BloombergNEF Electric Vehicle Outlook
US Crosses the Electric-Car Tipping Point for Mass Adoption
Electric Scooter Guide
EV Adoption Barriers
Speakers at this Event
Head of Global Analysis, BloombergNEF
Note: Transcripts are generated using a combination of automated software and human transcribers, and may contain errors. Please check the actual audio before quoting it.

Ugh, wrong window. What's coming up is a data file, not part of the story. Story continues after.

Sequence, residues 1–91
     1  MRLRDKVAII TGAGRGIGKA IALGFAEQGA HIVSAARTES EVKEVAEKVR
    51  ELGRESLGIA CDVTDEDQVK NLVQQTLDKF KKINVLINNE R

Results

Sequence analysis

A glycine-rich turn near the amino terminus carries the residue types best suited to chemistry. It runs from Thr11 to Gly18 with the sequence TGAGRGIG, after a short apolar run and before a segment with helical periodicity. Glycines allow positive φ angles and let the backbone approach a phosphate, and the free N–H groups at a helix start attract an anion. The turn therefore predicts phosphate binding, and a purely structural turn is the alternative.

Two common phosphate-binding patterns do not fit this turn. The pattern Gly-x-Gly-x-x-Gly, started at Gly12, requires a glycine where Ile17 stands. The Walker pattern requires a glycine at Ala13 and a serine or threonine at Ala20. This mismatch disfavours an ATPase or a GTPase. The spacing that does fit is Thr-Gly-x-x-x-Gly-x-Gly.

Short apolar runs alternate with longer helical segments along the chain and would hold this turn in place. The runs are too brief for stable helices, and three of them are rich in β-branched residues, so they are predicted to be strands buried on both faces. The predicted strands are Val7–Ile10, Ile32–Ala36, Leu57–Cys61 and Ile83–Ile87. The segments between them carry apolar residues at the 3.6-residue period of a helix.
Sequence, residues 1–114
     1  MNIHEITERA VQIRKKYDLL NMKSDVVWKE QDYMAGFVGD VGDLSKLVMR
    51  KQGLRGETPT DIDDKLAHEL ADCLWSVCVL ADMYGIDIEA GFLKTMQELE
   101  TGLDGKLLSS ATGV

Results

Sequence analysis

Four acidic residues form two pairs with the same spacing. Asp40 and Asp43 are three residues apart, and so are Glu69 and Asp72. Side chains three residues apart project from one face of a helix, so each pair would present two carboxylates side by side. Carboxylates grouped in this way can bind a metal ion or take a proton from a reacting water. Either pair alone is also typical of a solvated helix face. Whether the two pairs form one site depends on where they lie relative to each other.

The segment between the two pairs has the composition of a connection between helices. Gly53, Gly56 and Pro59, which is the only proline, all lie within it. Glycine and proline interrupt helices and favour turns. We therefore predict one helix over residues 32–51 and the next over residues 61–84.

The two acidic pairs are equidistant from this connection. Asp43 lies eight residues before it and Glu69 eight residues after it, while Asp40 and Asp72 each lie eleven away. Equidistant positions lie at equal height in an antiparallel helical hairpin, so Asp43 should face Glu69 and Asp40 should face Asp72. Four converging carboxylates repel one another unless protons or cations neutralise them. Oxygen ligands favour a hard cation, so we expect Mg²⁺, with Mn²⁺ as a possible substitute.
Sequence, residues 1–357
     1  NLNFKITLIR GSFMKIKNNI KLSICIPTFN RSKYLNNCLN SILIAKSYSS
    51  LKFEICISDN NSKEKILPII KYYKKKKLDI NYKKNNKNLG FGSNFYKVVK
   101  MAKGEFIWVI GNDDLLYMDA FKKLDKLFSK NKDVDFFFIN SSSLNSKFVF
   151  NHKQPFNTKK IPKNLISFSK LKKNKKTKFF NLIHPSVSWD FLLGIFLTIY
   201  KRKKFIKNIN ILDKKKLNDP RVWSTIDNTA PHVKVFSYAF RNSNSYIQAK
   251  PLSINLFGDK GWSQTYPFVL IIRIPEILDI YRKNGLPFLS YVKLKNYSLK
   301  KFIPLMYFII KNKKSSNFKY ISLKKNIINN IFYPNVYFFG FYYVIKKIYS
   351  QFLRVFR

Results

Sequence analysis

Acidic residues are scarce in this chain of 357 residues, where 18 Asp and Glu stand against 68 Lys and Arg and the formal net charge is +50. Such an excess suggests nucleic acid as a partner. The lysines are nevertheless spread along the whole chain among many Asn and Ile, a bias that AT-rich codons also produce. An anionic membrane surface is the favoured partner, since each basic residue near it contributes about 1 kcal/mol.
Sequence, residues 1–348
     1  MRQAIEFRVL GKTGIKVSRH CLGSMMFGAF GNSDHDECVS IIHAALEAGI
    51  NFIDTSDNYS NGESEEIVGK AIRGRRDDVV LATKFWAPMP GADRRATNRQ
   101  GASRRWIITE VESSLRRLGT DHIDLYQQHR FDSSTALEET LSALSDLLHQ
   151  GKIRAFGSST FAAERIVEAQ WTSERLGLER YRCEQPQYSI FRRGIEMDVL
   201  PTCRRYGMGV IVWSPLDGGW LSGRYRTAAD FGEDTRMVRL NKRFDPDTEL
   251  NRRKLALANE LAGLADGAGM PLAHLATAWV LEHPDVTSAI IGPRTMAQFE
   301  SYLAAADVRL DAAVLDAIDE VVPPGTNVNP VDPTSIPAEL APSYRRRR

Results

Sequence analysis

Greg Dalton: In the tech world, there’s a common belief that once a new device hits 5% market penetration, it rapidly goes from a niche to mass adoption. Think of smartphones, social media, or even the personal computer. Could the same be true of the green tech we need to prevent the most dire climate catastrophe? According to Bloomberg, the US has just passed that critical 5% tipping point for new EV purchases. Norway, an oil rich country, was first to hit that 5% mark in 2013 and today boasts a stunning 86% of new cars being fully electric. Now California is driving the US along a similar road away from gasoline and diesel. The state just passed a new law that will only allow emission free vehicles to be sold by 2035. Washington, Massachusetts, Virginia and other states are poised to follow. Even with that California law, how confident can we be that all new American cars will be running clean? Albert Cheung is the Head of Global Analysis for BloombergNEF. I asked him about the Bloomberg tipping point story.